Archive for August, 2013

#15 – Animal Collective – Merriweather Post Pavilion

August 29th, 2013 No comments

Merriweather Post Pavilion, named after a music venue in Maryland, is one of the more unique Animal Collective records. I think it is easily the most accessible record that they have made throwing in just enough of the squealing animal noises for an album that is much more electronic and much less reliant on drums and percussion.

With Josh Deakin on a leave from the band, the other three members soldiered on redefining themselves in the process. Instead of being limited, we see a band trying to redefine the music scene. While there was some sacrifice of their initial art sound, the album had a very underwater psychaedelic feel to it.

Consider a song like “My Girls” which was their lead single on the album, the song becomes a mantra, “I just want 4 walls and adobe slats for my girls”, i.e. while material possessions are nice, I have very simple priorities, and that is the safety and security of my family. It brings upon a very simplistic hippy element, that while our lives are being controlled by entertainment there are some very simple aspects to happiness.

There are also songs that have hit me personally. ‘Bluish’ for instance was the song that that my wife walked down the aisle to. I think it was one of the first song that after hearing it just felt like her.

I also still remember hearing it for the first time and stating to my wife that this would be one of the best albums of 2008. I still remember walking around the neighborhood back then with my iPod on back in January 2008 and you would see either fresh snow or sub zero temperatures and there was a certain warmth listening to this album, as if you were alway dreaming about wearing your summertime clothes.

It would be the album to start with when it comes to Animal Collective. It brings all the elements together in a perfect picture. In a way, the title of the album is suggestive enough in that a music pavilion brings people together in the same way that this album does. It’s an album that you want to hear played in the middle of 50,000 screaming fans on a summer night being in that atmosphere and that moment alone with the sound drowning out everything else would be the price of admission.

Categories: Uncategorized Tags:

#16 The Smiths – The Queen Is Dead

August 29th, 2013 No comments

The Smiths – The Queen Is Dead

One of the main influences that Morrissey has had on me has been my willingness to be an omnivore. His continual speaking out about animal rights issues, I wonder sometimes why he is continually getting ill, food poisoning, .etc. and how healthy the vegetarian diet must be. It has to be a big deal when you end up canceling most of your stateside tour and I do not get the impression he is much of a partier, but you know, I have been wrong about these types of things in the past. It was the first thing I thought about when writing this about the dangers of vegetables and then I realized that I was writing about a vegetable, the Queen.

The major foray into the Smiths catalog had been quickly obtained by purchasing the essential albums on cutout LP at some ridiculously reduced prices at the now defunct Rose Records. LP at the time was going out of style as a means to listen to music. I still remember listening to them as there was a slight imperfections as to how the albums would play on a record player. Normally the first minute or so of every side there were blips but something that I was more than willing to appreciate.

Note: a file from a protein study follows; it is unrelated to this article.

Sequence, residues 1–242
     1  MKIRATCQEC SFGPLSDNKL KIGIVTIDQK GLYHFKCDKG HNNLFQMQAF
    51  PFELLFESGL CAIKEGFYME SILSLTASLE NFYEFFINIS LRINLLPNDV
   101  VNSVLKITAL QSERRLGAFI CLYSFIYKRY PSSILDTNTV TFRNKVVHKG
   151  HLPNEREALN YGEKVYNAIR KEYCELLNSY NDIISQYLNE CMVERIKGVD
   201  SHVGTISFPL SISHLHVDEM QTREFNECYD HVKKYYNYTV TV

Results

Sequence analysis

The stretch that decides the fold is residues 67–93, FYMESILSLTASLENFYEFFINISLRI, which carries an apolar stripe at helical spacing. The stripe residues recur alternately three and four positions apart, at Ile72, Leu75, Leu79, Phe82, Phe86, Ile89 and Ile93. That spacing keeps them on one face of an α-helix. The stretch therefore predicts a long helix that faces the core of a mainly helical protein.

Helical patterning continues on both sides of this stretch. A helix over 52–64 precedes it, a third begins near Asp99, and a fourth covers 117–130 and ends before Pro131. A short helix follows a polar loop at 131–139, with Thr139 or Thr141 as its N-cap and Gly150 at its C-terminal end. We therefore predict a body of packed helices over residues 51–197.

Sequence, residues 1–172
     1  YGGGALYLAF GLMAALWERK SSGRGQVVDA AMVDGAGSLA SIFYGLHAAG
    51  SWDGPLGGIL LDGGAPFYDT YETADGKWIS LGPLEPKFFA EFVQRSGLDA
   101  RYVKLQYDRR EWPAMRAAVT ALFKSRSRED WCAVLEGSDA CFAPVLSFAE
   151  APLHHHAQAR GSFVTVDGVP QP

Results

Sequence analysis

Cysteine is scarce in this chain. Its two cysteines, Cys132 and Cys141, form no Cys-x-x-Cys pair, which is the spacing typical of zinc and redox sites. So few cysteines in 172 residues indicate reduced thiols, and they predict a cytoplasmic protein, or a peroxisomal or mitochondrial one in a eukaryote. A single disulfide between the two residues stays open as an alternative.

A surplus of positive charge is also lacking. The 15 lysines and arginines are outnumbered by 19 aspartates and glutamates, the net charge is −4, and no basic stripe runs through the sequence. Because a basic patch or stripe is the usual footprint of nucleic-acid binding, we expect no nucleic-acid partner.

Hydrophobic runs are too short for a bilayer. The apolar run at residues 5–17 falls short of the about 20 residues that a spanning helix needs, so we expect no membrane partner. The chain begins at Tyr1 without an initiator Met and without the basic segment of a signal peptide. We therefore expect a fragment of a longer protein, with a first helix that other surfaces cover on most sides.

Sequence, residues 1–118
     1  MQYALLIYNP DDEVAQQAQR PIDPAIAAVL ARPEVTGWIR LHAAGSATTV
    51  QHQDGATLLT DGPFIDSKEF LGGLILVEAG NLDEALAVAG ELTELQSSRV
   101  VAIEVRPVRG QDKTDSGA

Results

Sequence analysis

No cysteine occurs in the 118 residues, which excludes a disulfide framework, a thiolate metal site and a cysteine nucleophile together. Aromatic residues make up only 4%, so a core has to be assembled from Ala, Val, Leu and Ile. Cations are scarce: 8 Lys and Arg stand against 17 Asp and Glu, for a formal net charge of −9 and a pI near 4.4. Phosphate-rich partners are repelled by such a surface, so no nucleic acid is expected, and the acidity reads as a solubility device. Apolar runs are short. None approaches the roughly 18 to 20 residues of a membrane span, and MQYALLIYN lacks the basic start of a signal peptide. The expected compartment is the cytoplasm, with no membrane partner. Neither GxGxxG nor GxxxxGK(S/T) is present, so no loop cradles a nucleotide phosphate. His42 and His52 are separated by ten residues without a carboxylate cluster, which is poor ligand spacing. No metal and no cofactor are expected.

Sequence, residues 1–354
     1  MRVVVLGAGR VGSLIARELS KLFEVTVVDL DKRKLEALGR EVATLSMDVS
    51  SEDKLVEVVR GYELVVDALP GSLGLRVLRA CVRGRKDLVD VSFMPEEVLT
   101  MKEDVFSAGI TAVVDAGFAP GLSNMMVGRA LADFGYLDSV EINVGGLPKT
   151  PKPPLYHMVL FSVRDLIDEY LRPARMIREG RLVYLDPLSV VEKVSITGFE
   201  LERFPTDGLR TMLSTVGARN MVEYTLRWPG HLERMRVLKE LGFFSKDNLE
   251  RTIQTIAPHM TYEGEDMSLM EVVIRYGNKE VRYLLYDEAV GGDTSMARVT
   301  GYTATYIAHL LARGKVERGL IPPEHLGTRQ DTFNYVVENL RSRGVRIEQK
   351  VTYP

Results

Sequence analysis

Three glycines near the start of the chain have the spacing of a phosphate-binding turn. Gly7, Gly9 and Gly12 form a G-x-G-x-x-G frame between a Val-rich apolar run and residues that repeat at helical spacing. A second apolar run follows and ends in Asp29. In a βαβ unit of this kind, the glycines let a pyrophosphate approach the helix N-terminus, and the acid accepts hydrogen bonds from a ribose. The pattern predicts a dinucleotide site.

There is one thing that you can say about Morrissey is that he is an original. I think one of the things that the 80’s definitely had for itself was the battle between the Smiths vs. R.E.M. and how both Morrisey and Stipe were so capable of weaving their own tapestries with their lyrics.

The difference between the Smiths and R.E.M. was that Morrissey felt like this larger than life persona with the Smiths. The moments that shine for me however are the title track with the driving guitarwork of Marr and the drumming of Mike Joyce.

I know that Marr gets quite a bit of credit for his music and deservedly so but I still think that it’s Morrissey’s lyrics that are the shining moment. He is the one singing ‘Bigmouth Strikes Again’ and ‘Some Girls Are Bigger Than Others’, the latter feeling slightly obtuse but clever. Maybe it is just me but I have never found The Smiths to be depressing because I never took what Morrissey was singing at face value and nor put him on any emotional pedestal. He was just Morrisey, who is the male equivalent to the crazy cat lady who had fucking awesome lyrics about kittens.

Categories: Uncategorized Tags:

#17 Lush – Spooky

August 27th, 2013 No comments

Well I can lay one thing to rest by stating that this is my favorite album of the early 90’s era. It was the “Goto Album” so to speak and part of it probably had to do with the fact that I had a huge crush on Miki Berenyi.

Click to Listen to Ocean

Her cherry-red dyed hair and siren singing style wooed me in to the point it was constantly playing in my Pontiac stationwagon. The shoegazing along with the vocals of both her and bandmate Emma Anderson essentially started my love for “Shoegaze” music. It all started on this album. For what it’s worth, Spooky was their first official album that was not a compilation and while I have always been a fan of Gala, it was Spooky that hit a chord with me.